Beliefnet
Flunking Sainthood

Twenty years ago today, I stood at the altar and married my best friend. It was a beautiful candlelight evening wedding that we put together on a shoestring budget of $2,000. (Two thousand dollars for the entire wedding and cake-and-punch reception: Even in 1991, that was some serious frugality.)

We held the wedding in a Presbyterian church in the town I grew up in. You knew it was a Swedish town because the photographer, the florist, the cake decorator, and the dry cleaner who preserved my dress were all named Anderson, and they were not related to each other.

But we all know that beautiful weddings are a dime a dozen, and beautiful marriages are spotted owls. A loving and supportive marriage has made many other beautiful things possible in my life, and I’m not quite sure how I got so ridiculously lucky. So much of it is luck. A fair portion is also choosing the right partner in the beginning, and holding hands as you weather your inevitable storms.

One of our traditions is that each year for our anniversary, we decide together to buy something for the household rather than trying to find individual gifts for each other. Since our anniversary falls immediately after Christmas, we’re always sick to death of shopping for just the right present, so we do the joint gift. Last year, we bought a dual-control electric blanket, which is about six different kinds of awesome. This year, since it was the big 2-0, we splurged on commissioning a kitchen pantry that matches our other cabinets. I won’t tell you how much it cost, except to say that it was almost exactly the price of our entire damn wedding.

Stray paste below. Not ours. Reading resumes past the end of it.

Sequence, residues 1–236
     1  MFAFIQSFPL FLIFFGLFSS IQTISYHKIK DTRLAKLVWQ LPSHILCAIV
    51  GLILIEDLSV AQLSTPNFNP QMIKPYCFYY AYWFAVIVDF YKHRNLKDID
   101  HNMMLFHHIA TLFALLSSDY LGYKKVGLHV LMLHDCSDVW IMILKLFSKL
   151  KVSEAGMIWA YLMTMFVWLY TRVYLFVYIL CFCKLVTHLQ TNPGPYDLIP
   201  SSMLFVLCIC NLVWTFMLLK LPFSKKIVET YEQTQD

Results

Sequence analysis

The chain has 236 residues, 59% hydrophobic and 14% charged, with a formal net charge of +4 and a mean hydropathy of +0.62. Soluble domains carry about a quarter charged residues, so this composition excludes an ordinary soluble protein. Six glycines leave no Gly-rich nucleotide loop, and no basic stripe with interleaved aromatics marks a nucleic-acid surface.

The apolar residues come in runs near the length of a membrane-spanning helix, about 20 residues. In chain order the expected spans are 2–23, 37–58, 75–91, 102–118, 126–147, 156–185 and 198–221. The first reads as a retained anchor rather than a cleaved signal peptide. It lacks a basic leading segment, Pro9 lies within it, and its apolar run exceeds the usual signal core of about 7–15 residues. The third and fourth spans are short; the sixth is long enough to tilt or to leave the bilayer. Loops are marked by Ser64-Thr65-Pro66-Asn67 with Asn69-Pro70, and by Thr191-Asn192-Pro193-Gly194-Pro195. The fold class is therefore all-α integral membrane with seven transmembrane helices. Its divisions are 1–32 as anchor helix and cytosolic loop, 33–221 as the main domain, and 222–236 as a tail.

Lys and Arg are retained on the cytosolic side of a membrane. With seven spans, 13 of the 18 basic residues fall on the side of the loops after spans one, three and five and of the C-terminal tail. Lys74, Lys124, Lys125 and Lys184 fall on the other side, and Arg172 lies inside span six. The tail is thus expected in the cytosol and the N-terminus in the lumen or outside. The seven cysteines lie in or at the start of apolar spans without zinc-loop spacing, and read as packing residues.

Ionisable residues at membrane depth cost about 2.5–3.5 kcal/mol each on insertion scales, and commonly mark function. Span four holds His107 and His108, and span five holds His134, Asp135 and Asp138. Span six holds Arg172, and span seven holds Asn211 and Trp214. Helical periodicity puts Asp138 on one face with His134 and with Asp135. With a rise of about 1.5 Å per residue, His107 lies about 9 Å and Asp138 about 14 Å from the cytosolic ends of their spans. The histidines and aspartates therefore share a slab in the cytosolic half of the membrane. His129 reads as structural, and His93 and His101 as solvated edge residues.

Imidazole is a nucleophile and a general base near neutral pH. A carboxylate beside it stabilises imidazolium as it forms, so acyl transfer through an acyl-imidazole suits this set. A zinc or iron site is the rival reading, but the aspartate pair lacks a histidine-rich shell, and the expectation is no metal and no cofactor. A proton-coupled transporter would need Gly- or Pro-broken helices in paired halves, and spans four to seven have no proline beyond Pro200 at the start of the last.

Since I’m a writer, I wish I could come up with something lovely that communicates what I want to say about this anniversary (other than “It’s been 20 years . . . Is that even possible?!). But anything I write myself is maudlin in the manner of an Anne Bradstreet poem. It all sounds like sentimental claptrap. I got nothin’.

What I keep returning to instead is this delightful short poem by Frances Shaw. I discovered it in college and it immediately made me think of Phil. I loved it so much I had it printed in our wedding bulletin:

Who loves the rain

And loves his home

And looks on life with quiet eyes,

Him will I follow through the storm;

And at his hearth-fire keep me warm;

Nor hell nor heaven shall that soul surprise,

Who loves the rain,

And loves his home,

And looks on life with quiet eyes.

Happy anniversary.

   
   
   
   
   
   
   
   
 

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